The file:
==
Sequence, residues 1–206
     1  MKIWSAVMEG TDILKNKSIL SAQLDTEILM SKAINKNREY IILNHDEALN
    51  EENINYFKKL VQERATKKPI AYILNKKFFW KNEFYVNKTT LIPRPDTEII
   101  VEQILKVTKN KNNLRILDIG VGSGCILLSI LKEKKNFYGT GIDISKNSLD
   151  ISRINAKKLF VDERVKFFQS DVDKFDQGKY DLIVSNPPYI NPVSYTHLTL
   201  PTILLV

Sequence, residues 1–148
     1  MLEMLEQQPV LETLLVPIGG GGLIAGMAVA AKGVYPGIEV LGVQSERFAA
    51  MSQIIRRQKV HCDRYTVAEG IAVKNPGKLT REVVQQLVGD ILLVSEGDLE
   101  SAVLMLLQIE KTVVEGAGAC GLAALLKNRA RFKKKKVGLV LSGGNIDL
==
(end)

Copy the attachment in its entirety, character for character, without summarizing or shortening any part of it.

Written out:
Sequence, residues 1–206
     1  MKIWSAVMEG TDILKNKSIL SAQLDTEILM SKAINKNREY IILNHDEALN
    51  EENINYFKKL VQERATKKPI AYILNKKFFW KNEFYVNKTT LIPRPDTEII
   101  VEQILKVTKN KNNLRILDIG VGSGCILLSI LKEKKNFYGT GIDISKNSLD
   151  ISRINAKKLF VDERVKFFQS DVDKFDQGKY DLIVSNPPYI NPVSYTHLTL
   201  PTILLV

Sequence, residues 1–148
     1  MLEMLEQQPV LETLLVPIGG GGLIAGMAVA AKGVYPGIEV LGVQSERFAA
    51  MSQIIRRQKV HCDRYTVAEG IAVKNPGKLT REVVQQLVGD ILLVSEGDLE
   101  SAVLMLLQIE KTVVEGAGAC GLAALLKNRA RFKKKKVGLV LSGGNIDL